E. Vitamin K
II-10. A 42-year-old male patient wants your opinion about vitamin E supplements. He has read that taking high doses of vitamin E can improve his sexual performance and slow the aging process. He is not vitamin E deficient. You explain to him that these claims are not based on good evidence. What other potential side effect should this patient be concerned about?
A. Deep venous thrombosis
C. Night blindness
D. Peripheral neuropathy
II-11. You are seeing a pediatric patient from Djibouti in consultation who was admitted with a constellation of symptoms including diarrhea, alopecia, muscle wasting, depression, and a rash involving the face, extremities, and perineum. The child has hypogonadism and dwarfism. You astutely make the diagnosis of zinc deficiency, and laboratory tests confirm this (zinc level <70 μL/dL). What other clinical finding is this patient likely to manifest?
A. Dissecting aortic aneurysm
B. Hypochromic anemia
D. Hypopigmented hair
II-12. When compared to kwashiorkor, which of the following statements is TRUE regarding marasmus or cachexia?
A. A diagnosis of marasmus or cachexia requires a more aggressive approach to nutritional replacement than kwashiorkor.
B. Individuals with marasmus or cachexia have a starved appearance, whereas those with kwashiorkor typically appear well nourished.
C. Marasmus and cachexia are associated with a higher risk of infection and poor wound healing compared to kwashiorkor.
D. Marasmus develops over a period of weeks, whereas kwashiorkor takes months or years to develop.
E. The albumin level is typically less than 2.8 g/dL in marasmus, but not in kwashiorkor.
II-13. Which of the following patients would be least likely to be at high risk of nutritional depletion?
A. A 21-year-old woman with a history of anorexia nervosa in remission for 1 year with a body mass index of 19.4 kg/m2 admitted to the hospital with an asthma exacerbation
B. A previously healthy 28-year-old man admitted to the intensive care unit with third-degree burns covering 85% of his body surface area
C. A 32-year-old man with alcoholism admitted with acute pancreatitis who has been NPO for 6 days
D. A 41-year-old woman with short gut syndrome following resection of small bowel for a gastrointestinal stromal tumor admitted to the hospital with dehydration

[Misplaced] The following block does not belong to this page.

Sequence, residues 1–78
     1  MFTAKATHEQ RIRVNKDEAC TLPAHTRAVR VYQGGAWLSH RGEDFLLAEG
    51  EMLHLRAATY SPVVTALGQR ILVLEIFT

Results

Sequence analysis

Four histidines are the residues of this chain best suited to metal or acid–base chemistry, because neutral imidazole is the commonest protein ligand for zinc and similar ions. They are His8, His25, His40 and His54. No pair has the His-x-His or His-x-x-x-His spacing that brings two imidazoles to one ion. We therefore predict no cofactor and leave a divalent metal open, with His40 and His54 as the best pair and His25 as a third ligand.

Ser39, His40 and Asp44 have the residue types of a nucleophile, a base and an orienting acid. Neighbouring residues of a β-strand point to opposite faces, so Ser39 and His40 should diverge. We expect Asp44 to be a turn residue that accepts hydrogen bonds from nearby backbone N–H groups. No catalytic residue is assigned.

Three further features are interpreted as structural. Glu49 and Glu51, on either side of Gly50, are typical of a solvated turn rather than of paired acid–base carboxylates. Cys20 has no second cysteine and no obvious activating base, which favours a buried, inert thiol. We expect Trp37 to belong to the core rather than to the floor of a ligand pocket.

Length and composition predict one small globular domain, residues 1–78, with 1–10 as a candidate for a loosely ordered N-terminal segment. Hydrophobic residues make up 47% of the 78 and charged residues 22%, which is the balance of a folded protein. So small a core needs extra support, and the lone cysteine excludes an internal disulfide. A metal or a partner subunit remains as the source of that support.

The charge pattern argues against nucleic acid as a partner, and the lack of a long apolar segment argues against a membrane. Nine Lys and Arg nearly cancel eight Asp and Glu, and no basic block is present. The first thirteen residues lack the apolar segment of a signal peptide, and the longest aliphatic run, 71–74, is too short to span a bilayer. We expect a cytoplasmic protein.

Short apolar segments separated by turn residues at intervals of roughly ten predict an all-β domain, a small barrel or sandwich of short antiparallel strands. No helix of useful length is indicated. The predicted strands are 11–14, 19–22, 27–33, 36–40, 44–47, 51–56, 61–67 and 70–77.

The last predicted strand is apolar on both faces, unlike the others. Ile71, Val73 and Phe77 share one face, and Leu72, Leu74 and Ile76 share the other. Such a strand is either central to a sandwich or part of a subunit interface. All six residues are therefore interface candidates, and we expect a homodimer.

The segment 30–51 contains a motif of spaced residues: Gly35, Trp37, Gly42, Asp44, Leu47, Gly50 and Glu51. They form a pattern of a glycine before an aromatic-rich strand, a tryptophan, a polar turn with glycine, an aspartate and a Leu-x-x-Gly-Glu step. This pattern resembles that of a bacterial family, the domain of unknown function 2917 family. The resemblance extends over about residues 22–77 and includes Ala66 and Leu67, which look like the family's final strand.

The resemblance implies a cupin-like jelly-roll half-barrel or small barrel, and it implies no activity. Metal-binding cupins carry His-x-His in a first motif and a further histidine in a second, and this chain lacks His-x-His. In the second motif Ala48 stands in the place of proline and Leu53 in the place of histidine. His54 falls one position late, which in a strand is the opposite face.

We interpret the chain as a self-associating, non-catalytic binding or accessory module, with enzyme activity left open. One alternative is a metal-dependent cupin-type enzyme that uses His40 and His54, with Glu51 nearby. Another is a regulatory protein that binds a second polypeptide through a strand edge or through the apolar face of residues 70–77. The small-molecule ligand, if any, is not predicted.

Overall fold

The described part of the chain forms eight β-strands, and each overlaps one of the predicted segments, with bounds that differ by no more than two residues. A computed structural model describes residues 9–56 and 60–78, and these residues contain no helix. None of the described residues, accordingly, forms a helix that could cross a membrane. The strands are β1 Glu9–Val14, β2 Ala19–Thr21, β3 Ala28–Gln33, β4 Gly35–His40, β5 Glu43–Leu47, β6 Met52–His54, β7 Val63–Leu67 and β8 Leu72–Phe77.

E. A 55-year-old woman admitted to the hospital for right mastectomy for breast cancer who has recently lost weight from 91 kg to 79 kg unintentionally
II-14. You are caring for a 54-year-old woman in the intensive care unit who was admitted for treatment of severe sepsis and pneumonia. You would like to initiate enteral nutrition and plan to calculate basal energy expenditure for the patient. All of the following factors are used to determine the patient’s caloric needs EXCEPT:
II-15. A 19-year-old woman with anorexia nervosa undergoes surgery for acute appendicitis. The postoperative course is complicated by acute respiratory distress syndrome, and she remains intubated for 10 days. She develops wound dehiscence on postoperative day 10. Laboratory data show a white blood cell count of 4000/μL, hematocrit 35%, albumin 2.1 g/dL, total protein 5.8 g/dL, transferrin 54 mg/dL, and iron-binding capacity 88 mg/dL. You are considering initiating nutritional therapy on hospital day 11. Which of the following is true regarding the etiology and treatment of malnutrition in this patient?
A. She has marasmus and nutritional support should be started slowly.
B. She has kwashiorkor and nutritional support should be aggressive.
C. She has marasmic kwashiorkor, kwashiorkor predominant, and nutritional support should be aggressive.
D. She has marasmic kwashiorkor, marasmus predominant, and nutritional support should be slow.
II-16. After being stranded alone in the mountains for 8 days, a 26-year-old hiker is brought to the hospital for evaluation of self-amputation of his right wrist. He has not had anything to eat or drink for the past 6 days. Vital signs are within normal limits. Weight is 79.5 kg, which is 1.8 kg less than he weighed 6 months ago. His wound appears clean and is not infected. Laboratory data show a creatinine of 2.5 mg/dL, blood urea nitrogen of 52 mg/dL, glucose 96 mg/dL, albumin 4.1 mg/dL, chloride 105 meq/L, and ferritin 173 ng/mL. Which of the following statements is true regarding his risk of malnourishment?
A. He has protein-calorie malnutrition due to the rate of weight loss.
B. He has protein-calorie malnutrition due to his elevated ferritin.
C. He is at risk, but a normal individual can tolerate 7 days of starvation.
D. He is not malnourished because he is not hypoglycemic after 6 days of no food or water.
II-17. A 65-year-old man is admitted for colectomy for stage III colon cancer. On the second postoperative day, he requires repeat exploratory laparotomy due to bleeding complications. It is now postoperative day 7 from the patient’s original resection, and he has had no nutrition since prior to surgery. His body mass index prior to surgery was 28.7 kg/m2, and he had normal nutritional status. He is clinically stable currently, but delirious and at high aspiration risk. He has bowel sounds present, and ileostomy output is good. What is recommended at the present time for this patient?